The IRS Just Issued Its First Cryptocurrency Tax Guidance in 5 Years
The U.S. Internal Revenue Service (IRS) has published its first guidance in five years for calculating taxes owed on cryptocurrency holdings.
Industry members have been eagerly awaiting the update since May 2019, when IRS Commissioner Charles Rettig said the agency was working on providing fresh guidance. The agency’s 2014 guidance left many questions unanswered, and the
crypto market has grown more complex in the years since.
As expected, the guidance notice released Wednesday addresses: the tax liabilities created by cryptocurrency forks; the acceptable methods for valuing cryptocurrency received as income; and how to calculate taxable gains when selling cryptocurrencies.
Drew Hinkes, a lawyer with Carlton Fields and the general counsel to Athena
Blockchain, told CoinDesk that “from the tax collector’s standpoint, this is the right answer,” though Certified Public Accountant Kirk Phillips said he was surprised that the guidance basically only addressed forks.
Resolving a long-standing question, the guidance says new cryptocurrencies created from a fork of an existing blockchain should be treated as “an ordinary income equal to the fair market value of the new cryptocurrency when it is received.”
In other words, tax liabilities will apply when the new cryptocurrencies are recorded on a blockchain – if a taxpayer actually has control over the coins and can spend them.
The document reads:
“If your cryptocurrency went through a hard fork, but you did not receive any new cryptocurrency, whether through an airdrop (a distribution of cryptocurrency to multiple taxpayers’ distributed ledger addresses) or some other kind of transfer, you don’t have taxable income.”
James Mastracchio, a partner at Eversheds Sutherland, told CoinDesk that this applies when there is a distinctly different cryptocurrency as a result of the hard fork.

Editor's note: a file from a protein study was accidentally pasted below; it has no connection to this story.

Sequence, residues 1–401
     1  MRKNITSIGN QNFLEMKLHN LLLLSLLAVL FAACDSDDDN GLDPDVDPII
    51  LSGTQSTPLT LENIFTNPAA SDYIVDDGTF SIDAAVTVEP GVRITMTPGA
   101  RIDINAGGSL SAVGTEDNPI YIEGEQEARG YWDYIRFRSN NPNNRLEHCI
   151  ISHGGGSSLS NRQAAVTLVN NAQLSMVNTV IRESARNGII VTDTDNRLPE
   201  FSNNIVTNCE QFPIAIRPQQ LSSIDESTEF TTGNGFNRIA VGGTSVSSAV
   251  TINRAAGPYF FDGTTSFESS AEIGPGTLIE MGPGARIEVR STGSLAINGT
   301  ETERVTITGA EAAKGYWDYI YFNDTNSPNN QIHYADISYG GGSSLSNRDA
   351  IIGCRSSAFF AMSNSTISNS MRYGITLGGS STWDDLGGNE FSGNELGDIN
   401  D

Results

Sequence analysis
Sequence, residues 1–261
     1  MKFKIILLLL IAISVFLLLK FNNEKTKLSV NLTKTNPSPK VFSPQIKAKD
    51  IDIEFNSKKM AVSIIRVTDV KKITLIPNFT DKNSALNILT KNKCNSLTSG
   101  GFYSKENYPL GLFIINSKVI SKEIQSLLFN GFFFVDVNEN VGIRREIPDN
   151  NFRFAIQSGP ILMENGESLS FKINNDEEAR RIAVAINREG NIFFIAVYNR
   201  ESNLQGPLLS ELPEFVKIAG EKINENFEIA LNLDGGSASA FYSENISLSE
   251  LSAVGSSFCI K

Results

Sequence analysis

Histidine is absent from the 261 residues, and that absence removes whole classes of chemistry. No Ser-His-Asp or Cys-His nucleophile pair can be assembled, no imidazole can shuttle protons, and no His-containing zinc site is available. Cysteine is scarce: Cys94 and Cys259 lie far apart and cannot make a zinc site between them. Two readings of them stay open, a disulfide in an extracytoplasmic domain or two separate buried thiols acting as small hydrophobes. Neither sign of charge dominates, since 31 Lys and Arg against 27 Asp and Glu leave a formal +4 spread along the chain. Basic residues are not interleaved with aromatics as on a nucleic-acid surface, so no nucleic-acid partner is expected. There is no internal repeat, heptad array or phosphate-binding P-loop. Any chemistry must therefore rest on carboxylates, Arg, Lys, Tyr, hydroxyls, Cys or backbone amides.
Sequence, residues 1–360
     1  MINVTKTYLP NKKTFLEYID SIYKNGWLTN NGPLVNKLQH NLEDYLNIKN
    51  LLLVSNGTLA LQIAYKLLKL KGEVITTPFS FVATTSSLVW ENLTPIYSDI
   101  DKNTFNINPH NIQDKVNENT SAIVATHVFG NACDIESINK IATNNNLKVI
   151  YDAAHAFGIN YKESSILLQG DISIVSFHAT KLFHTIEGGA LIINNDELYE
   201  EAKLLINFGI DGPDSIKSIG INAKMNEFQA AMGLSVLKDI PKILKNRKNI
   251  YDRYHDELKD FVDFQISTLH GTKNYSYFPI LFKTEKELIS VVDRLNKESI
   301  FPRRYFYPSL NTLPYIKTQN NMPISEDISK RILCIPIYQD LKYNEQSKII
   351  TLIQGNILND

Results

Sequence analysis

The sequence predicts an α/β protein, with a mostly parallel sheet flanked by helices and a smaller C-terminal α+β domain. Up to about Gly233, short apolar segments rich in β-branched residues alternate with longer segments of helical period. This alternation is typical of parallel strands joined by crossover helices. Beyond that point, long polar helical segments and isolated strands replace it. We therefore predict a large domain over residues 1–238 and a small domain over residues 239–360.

The IRS language might create more confusion, said Jerry Brito, executive director at Coin Center.
“While the new guidance offers some much-needed clarity on certain questions related to calculating basis, gains, and losses, it seems confused about the nature of hard forks and airdrops,” Brito told CoinDesk, adding:
“One unfortunate consequence of this guidance is that third parties can now create tax reporting obligations for you by simply forking a network whose coins you own, or foisting on you an unwanted airdrop.”
Individuals would be assessed income when they receive the asset, Hinkes said.
“Receipt is defined by ‘dominion and control’ … so it’s ability to transfer, sell,
exchange or dispose of the asset according to this guidance,” he said. “The fear is that someone maliciously airdrops and tags you with a giant liability. But [this] fear is a bit oversold because you would only be liable for new income based on the fair market value of the asset when received, and most forks don’t start out with a high valuation.”
Phillips said it was possible that an individual with an
ethereum wallet, for example, could receive an ERC-20 token from an airdrop without realizing it. Depending on how the token’s value fluctuates, this may result in them having to pay income tax on an asset that was worth more when they received it than when they sell the asset.
“This can happen when coins hit a high water mark of price discovery right after the airdrop event and the heavy selling could sink the price to a level from which is never recovers,” he said.
The issue has grown more salient in recent years, as fights over protocol changes caused rifts in various crypto communities, leading to splinter currencies like ethereum classic and bitcoin
Holders of the original bitcoin and ethereum could automatically claim a like amount of the new coins, raising the question of whether and under what conditions they would owe taxes on the windfall.
Now crypto holders and their accountants have a roadmap.